Hamilton’s Jeremy McCarter to Speak at Founders’ Day Convocation
Feb. 5, 2018
BLOOMINGTON, Ill.— Known to devout fans of the musical Hamilton as the man who co-authored Hamilton: The Revolution, Jeremy McCarter hopes his words will inspire another generation to rise up and fight for American ideals.
McCarter will give the keynote speech at Illinois Wesleyan University’s Founders’ Day Convocation on Feb. 21 at 11 a.m. in Presser Hall’s Westbrook Auditorium (1210 N. Park St., Bloomington). The event will mark the 168th anniversary of IWU’s founding, and is free and open to the public. Founders’ Day honors the 30 civic and religious leaders who came together in 1850 to establish “an Institution of learning of Collegiate grade.”
McCarter studied history at Harvard, and soon after, wrote several columns about culture and politics for the New York magazine, Newsweek and The New York Times. He went on to work with the Public Theater in New York City, which was the place where Hamilton made its off-Broadway debut. During his five years with the theater, he helped create and organize The Public Forum, a series that gives audiences the chance to engage in panel discussions with the theater’s creative minds about the themes and ideas of their shows. McCarter made an arrangement to put his friend, Hamilton creator Lin-Manuel Miranda, in touch with the theater, and the two of them watched Hamilton launch into the cultural success that it is today.
Using the narrative structure of the musical itself as a guideline, Miranda and McCarter joined forces to document how Hamilton’s impact as a cultural phenomenon in a tense political climate has birthed a kind of modern-day revolution in and of itself. Their book, Hamilton: The Revolution (popularly referred to as the Hamiltome), received the Goodreads Choice Awards for Best Nonfiction in 2016 and became a New York Times No. 1 Bestseller.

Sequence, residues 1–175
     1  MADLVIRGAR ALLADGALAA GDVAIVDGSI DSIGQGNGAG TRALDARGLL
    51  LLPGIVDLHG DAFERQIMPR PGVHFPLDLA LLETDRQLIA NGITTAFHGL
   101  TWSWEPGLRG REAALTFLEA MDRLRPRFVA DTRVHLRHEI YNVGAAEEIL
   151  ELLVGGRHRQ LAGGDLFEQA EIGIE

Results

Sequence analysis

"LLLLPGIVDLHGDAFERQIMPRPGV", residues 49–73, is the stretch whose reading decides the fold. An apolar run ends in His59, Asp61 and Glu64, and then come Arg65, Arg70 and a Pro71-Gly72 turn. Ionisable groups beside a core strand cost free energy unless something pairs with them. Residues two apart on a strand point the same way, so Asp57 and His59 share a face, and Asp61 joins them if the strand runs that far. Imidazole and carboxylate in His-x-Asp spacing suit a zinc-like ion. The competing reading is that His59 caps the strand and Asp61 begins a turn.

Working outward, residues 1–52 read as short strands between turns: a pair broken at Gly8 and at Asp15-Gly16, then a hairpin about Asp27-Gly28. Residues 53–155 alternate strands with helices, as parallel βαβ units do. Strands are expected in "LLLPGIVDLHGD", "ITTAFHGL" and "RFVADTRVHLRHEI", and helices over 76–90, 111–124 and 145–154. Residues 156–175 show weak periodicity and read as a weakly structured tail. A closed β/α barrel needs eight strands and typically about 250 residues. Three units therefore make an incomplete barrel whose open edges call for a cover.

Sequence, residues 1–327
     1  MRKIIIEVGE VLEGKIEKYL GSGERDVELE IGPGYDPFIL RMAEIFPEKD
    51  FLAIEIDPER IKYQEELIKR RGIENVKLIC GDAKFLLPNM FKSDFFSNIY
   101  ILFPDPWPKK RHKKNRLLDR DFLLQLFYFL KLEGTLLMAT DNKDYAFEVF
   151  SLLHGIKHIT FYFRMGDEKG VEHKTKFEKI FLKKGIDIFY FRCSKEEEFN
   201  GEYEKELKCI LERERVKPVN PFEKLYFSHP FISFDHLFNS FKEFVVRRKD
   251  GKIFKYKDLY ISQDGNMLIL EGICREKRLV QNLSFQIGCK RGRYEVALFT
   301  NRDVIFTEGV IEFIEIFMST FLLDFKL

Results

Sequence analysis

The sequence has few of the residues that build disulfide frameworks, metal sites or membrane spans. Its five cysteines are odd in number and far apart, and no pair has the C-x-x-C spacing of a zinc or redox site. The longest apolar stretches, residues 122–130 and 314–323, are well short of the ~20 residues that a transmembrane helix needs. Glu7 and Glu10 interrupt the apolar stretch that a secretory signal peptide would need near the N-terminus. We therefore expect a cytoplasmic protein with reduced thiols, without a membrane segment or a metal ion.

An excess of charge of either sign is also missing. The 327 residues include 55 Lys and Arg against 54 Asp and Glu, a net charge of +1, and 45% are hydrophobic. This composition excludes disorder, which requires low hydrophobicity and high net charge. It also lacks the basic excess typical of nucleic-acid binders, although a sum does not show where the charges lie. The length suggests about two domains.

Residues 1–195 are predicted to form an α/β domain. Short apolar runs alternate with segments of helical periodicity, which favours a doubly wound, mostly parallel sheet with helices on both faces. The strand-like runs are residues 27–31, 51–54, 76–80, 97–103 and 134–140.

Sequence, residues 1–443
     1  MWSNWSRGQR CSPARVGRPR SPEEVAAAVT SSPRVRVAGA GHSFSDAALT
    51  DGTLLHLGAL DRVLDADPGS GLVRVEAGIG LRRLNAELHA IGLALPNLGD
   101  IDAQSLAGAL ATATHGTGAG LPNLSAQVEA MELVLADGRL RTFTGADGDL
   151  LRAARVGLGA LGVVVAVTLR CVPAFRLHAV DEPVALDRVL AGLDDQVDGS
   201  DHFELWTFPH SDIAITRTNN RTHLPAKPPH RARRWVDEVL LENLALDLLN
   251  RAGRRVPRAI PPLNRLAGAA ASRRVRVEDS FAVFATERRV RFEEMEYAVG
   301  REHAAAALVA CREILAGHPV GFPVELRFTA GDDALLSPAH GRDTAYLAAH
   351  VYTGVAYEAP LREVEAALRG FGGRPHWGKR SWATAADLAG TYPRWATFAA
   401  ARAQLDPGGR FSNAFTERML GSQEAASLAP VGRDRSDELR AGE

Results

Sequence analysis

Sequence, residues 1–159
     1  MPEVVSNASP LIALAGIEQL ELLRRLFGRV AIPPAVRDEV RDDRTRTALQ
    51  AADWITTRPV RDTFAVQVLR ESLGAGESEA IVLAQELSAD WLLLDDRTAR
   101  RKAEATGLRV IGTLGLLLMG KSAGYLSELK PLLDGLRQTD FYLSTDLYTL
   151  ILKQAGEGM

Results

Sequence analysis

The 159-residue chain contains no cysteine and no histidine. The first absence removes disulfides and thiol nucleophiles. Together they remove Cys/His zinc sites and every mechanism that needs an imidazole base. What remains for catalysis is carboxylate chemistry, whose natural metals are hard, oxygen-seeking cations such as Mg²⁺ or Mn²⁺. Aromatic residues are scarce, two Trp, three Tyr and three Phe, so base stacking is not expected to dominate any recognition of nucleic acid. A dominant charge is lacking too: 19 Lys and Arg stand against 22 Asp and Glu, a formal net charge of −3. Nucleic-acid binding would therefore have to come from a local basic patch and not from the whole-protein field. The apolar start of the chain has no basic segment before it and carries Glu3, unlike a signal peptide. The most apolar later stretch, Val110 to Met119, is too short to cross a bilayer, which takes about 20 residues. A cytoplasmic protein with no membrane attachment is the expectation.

Through Hamilton’s impact, not just as a musical but as a means of stirring up social discussion about race and immigration, McCarter witnessed firsthand the power that art can have on national discourse. After moving to Chicago with his wife and daughter two years ago, McCarter set out to continue that kind of discussion through his new production company, the Make Believe Association. A Chicago-based nonprofit, its purpose is to present high-end readings of plays themed around current social problems, with a diverse cast of Chicago actors including Cheryl Lynn Bruce, Miguel Cervantes and Peter Sagal. It aims to create an inclusive, democratic space by providing all tickets at no charge and inviting the audience after the show to collectively discuss how messages from these plays still matter in today’s world. According to their website, McCarter’s goal in forming the company is to “find a way to share great stories and try to get a feel for the way they affect the world.”
In keeping with this idea, McCarter’s 2017 nonfiction book Young Radicals shares the story of how a handful of young American revolutionaries took their shot at creating a positive effect in their country during the World War I era. The novel, which draws from six years of McCarter’s extensive archival research, forays into the lives of five young men and women of various backgrounds, each with bright hopes for the future despite the looming threat of a war that would soon turn the world upside down. Each used their voices to fight for integral American values, such as women’s rights and freedom of speech, even as the chaos and bloodshed of the Great War would have them abandon their vision of an ideal America. “A big argument of the book,” McCarter explained in an interview with Entertainment Weekly, “is that we inherit the ideals of the ‘young radicals’ and the legacies of their struggles so we can build on them. The point is to do better than they did.”
McCarter’s address at IWU complements the University’s annual intellectual theme, The Evolution of Revolution.
By Rachel McCarthy ’21